Velazquez, Diego Rodriguez de Silva y (Spain, 1599-1660)
Velazquez was one of Spain's great artists of the Baroque period. He became court painter to King Philip IV as a young man. And he painted the members of the royal family and court for more than thirty years. Unlike many other painters at the time, Velazquez was interested in what was real far more than what was not. His paintings also show the movement of light and the many ways it can be reflected. A painting called Las Meninas is his masterpiece.

Venturi, Robert (United States, b.1925) and Denise Scott Brown (United States, b.1931)
Claiming that 'Less is a bore,' Robert Venturi is the architect who led the way to the Post-Modern architectural movement. He and Denise Scott Brown fostered the notion that much of the great architecture of the past was not simple and classic, but elaborate and complex. Although criticized for their views, Venturi and Scott Brown succeeded in bringing their ideas to their commissions. In 1986, they won a major commission. It was the contract of the Sainsbury Wing of London's National Gallery. The extension to England's greatest museum is noteworthy for its restrained, yet distinctive appearance.

Vermeer, Jan (The Netherlands, 1632-1675)
Vermeer was one of the greatest Dutch artists and one of the finest painters of all time. Today, we know fewer than forty of his paintings. Most of these are portraits or interior views. Vermeer's works are carefully designed, and they are famous for their realistic color and depiction of light. In his paintings, not everything is in equal focus. This is different from the work of earlier northern European artists, who painted each object in perfect clarity.

Veronese (Italy, 1528-1588)
The Mannerist artist Paolo Caliari was called Veronese because he came from the town of Verona, Italy. In his paintings, Veronese emphasized the beauty of marble, gold, fabrics, and other expensive materials. He also used perspective to create surprising effects. His works are often full of moving figures and flowing colors. Among his best-known paintings are The Finding of Moses and Christ in the House of Levi.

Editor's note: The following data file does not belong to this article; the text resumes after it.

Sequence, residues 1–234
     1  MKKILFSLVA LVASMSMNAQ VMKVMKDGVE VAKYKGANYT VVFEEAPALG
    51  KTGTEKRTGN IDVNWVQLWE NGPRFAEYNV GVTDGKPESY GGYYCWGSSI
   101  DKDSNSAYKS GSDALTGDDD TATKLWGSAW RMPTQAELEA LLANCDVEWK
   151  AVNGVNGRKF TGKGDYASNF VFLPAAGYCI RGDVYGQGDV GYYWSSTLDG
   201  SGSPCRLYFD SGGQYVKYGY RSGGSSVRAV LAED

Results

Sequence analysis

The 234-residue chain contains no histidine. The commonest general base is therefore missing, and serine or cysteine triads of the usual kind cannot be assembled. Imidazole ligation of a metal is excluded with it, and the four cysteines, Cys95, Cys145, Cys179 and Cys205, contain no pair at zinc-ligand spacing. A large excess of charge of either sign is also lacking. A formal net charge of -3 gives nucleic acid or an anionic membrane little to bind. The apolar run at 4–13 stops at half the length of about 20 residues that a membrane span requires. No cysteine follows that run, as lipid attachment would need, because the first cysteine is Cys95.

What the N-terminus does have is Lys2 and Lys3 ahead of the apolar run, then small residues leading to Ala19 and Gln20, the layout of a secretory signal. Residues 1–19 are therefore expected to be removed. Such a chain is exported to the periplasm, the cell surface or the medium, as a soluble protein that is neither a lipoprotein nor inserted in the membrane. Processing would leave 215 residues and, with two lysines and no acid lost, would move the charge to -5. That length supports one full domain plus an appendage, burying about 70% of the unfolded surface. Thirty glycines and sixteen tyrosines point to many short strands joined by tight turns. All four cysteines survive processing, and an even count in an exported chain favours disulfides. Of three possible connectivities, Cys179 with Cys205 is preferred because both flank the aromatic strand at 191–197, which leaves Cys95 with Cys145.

Vigee-Lebrun, Elizabeth (France, 1755-1842)
Elizabeth Vigee-Lebrun was one of the most successful women painters. She studied art with her father and became an excellent portrait painter before she was twenty. She became painter for the French queen Marie Antoinette and was elected to the French Academy in 1783. When the French Revolution broke out, Vigee-Lebrun traveled around Europe. She remained busy all her life painting more than eight hundred works.

Vlaminck, Maurice de (France, 1876-1946)
Vlaminck is best known for his still life and landscape paintings with thick paint applied with energetic brushstrokes. His early paintings were dominated by bright colors. His work is realistic, but expressionistic in technique.

Vroman, Adam Clark (United States, 1856-1919)
Vroman became a photographer to record the culture and lives of the Hopi Indians. His photographs portrayed their sense of community and their connection with nature. Vroman used his photographs in slide lectures to teach others about the difficult living conditions of the Southwest Indians.